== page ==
The race underground : Boston, New York, and the incredible rivalry that built America's first subway
by Doug Most, 2015

Documents the dramatic and sometimes deadly competition between New York and Boston to build the first American subway, describing the rivalry between two brother subway engineers and their famous supporters. 
Fenway 1912 : the birth of a ballpark, a championship season, and Fenway's remarkable first year
Fenway 1912 : the birth of a ballpark, a championship season, and Fenway's remarkable first year
by Glenn Stout, 2012

Tells the behind-the-scenes story of Fenway Park's construction and the tumultuous--yet glorious--first season it saw in 1912, which culminated in a World Series battle against John McGraw's New York Giants.   Drawing on extensive new research, the esteemed baseball historian Glenn Stout delivers an extraordinary tale of innovation, desperation, and perspiration--capturing Fenway as never before.
The selling of the Babe : the deal that changed baseball and created a legend
The selling of the Babe : the deal that changed baseball and created a legend
by Glenn Stout, 2016

The first book to focus on the ramifications of the sale of Babe Ruth by the Boston Red Sox to the New York Yankees in 1919 reveals brand-new information about Babe and the unique political situation surrounding his sale, which transformed him from player to icon and sparked a new era in the game.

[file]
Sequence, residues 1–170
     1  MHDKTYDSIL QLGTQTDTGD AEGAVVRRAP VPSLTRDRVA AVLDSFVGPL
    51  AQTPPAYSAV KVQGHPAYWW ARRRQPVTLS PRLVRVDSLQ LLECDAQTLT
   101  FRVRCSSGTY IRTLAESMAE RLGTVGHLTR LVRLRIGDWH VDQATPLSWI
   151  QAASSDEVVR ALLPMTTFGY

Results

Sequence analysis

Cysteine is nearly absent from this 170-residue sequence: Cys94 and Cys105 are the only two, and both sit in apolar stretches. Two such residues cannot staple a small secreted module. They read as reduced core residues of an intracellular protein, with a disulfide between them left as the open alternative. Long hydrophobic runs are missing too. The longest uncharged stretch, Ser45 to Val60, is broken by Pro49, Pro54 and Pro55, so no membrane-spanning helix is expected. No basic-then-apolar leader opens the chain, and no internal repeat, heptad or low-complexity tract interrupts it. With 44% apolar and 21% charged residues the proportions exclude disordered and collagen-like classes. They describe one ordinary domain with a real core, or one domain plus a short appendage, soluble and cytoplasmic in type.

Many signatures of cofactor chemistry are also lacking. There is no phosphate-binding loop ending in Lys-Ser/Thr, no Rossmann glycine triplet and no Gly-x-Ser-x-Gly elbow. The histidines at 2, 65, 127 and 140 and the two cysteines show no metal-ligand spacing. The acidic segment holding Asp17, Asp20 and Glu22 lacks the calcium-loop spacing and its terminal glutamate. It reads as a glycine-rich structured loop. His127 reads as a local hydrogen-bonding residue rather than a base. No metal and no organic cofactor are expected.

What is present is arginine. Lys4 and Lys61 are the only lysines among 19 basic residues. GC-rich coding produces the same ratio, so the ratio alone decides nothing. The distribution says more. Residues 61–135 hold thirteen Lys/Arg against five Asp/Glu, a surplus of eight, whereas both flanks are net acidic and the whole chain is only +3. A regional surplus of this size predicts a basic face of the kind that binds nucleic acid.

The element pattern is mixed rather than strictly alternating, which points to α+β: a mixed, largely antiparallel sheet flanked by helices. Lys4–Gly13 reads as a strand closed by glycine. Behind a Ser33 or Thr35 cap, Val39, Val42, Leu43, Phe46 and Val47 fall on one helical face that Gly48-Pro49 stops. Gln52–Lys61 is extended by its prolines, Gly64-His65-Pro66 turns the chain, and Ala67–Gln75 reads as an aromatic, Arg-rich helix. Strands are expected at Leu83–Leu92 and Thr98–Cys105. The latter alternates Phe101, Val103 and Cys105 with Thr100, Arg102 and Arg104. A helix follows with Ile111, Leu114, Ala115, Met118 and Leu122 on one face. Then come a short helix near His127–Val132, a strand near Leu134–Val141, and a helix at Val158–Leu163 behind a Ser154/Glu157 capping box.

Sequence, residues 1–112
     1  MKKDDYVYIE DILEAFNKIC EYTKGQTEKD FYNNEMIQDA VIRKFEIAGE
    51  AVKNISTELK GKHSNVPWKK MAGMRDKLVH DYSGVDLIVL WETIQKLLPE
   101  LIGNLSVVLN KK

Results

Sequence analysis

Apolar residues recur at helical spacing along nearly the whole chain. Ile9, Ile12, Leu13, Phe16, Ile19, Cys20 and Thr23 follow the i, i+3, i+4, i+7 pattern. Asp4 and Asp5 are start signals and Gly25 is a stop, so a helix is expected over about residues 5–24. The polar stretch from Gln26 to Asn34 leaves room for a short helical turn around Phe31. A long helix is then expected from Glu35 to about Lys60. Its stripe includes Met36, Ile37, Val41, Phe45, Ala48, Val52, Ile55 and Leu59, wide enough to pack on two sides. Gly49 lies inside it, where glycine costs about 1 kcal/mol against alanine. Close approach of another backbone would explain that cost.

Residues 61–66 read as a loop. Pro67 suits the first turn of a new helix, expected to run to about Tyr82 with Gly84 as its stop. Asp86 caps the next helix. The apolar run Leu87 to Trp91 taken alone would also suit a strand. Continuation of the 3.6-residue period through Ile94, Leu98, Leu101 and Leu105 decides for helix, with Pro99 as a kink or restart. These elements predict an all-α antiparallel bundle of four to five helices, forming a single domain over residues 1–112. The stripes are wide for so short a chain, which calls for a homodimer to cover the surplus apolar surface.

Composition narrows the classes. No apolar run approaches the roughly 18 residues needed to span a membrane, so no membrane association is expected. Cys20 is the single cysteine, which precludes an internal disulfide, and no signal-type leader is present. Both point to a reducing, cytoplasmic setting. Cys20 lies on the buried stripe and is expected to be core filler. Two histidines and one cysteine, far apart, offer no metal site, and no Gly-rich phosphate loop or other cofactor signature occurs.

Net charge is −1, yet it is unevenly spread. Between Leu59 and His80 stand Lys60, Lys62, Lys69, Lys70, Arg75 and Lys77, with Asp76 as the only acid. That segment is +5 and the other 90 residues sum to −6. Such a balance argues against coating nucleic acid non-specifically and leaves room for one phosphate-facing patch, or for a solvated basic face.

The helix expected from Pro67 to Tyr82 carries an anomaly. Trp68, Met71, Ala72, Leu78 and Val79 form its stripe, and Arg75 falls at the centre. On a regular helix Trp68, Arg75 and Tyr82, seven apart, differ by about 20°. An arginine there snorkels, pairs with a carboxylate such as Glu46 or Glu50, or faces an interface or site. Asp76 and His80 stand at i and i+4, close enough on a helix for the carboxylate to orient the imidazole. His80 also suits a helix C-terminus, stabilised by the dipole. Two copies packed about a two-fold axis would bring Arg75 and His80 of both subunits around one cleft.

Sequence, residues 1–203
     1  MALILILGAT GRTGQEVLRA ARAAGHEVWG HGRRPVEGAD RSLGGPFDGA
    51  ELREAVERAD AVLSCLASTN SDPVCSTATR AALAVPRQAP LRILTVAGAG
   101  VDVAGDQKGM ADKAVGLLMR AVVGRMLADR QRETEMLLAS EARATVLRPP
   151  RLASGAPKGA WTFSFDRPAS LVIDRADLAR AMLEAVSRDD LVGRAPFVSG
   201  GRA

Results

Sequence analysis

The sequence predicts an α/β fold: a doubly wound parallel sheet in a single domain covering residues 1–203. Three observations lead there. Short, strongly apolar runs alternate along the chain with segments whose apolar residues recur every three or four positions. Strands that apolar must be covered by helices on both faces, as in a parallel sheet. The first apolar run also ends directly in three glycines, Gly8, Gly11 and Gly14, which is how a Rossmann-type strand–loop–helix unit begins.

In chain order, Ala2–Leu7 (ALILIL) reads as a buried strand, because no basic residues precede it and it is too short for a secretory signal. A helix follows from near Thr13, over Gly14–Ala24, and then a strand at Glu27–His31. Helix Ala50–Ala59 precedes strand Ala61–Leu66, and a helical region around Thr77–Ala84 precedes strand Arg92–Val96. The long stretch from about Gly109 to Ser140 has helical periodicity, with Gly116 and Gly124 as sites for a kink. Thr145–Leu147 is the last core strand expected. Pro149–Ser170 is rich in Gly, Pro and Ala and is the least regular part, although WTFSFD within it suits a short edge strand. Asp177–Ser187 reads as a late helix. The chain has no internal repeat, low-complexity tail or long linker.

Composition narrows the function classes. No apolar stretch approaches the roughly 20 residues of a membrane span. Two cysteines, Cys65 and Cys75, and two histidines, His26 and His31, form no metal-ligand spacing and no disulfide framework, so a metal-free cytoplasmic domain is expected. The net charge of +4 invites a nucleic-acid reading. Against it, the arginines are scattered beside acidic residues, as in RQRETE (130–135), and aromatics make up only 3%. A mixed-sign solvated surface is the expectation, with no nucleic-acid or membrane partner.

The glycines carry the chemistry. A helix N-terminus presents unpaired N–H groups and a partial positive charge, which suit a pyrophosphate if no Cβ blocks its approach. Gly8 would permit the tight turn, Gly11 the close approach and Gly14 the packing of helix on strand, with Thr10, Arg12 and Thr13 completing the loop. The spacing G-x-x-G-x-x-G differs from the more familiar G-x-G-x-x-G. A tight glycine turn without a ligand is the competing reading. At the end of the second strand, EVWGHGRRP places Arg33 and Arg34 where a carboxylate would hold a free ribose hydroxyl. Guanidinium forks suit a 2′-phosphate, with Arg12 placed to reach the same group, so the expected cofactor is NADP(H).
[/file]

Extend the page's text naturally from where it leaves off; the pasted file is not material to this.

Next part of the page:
Rogues and redeemers : when politics was king in Irish Boston
Rogues and redeemers : when politics was king in Irish Boston
by Gerard O'Neill, 2012

The best-selling co-author of Black Mass presents a behind-the-scenes history of Irish power and politics in 20th-century Boston, documenting the arrival of the first Great Famine immigrants through the wresting of power from the Brahmins to the Title I housing wars and the social uprisings over public transportation.
Fire in the Grove : the Cocoanut Grove tragedy and its aftermath
Fire in the Grove : the Cocoanut Grove tragedy and its aftermath
by John C. Esposito, 2006
In 1942 Boston suffered its worst disaster ever. At the city's premier nightspot, the Cocoanut Grove, the largest nightclub fire in U.S. history took the lives of 492 people--nearly one of every two people on the premises. A flash of fire that started in an imitation palm tree rolled through the overcrowded club with breathtaking speed and in a mere eight minutes anyone left in the club was dead or doomed. Against the backdrop of Boston politics, cronyism, and corruption, author John C. Esposito re-creates the drama of the fire and explores the public outcry that followed. In retelling the horrific events of one of America's most cataclysmic tragedies.
Summer of '49
Summer of '49
by David Halberstam, 1989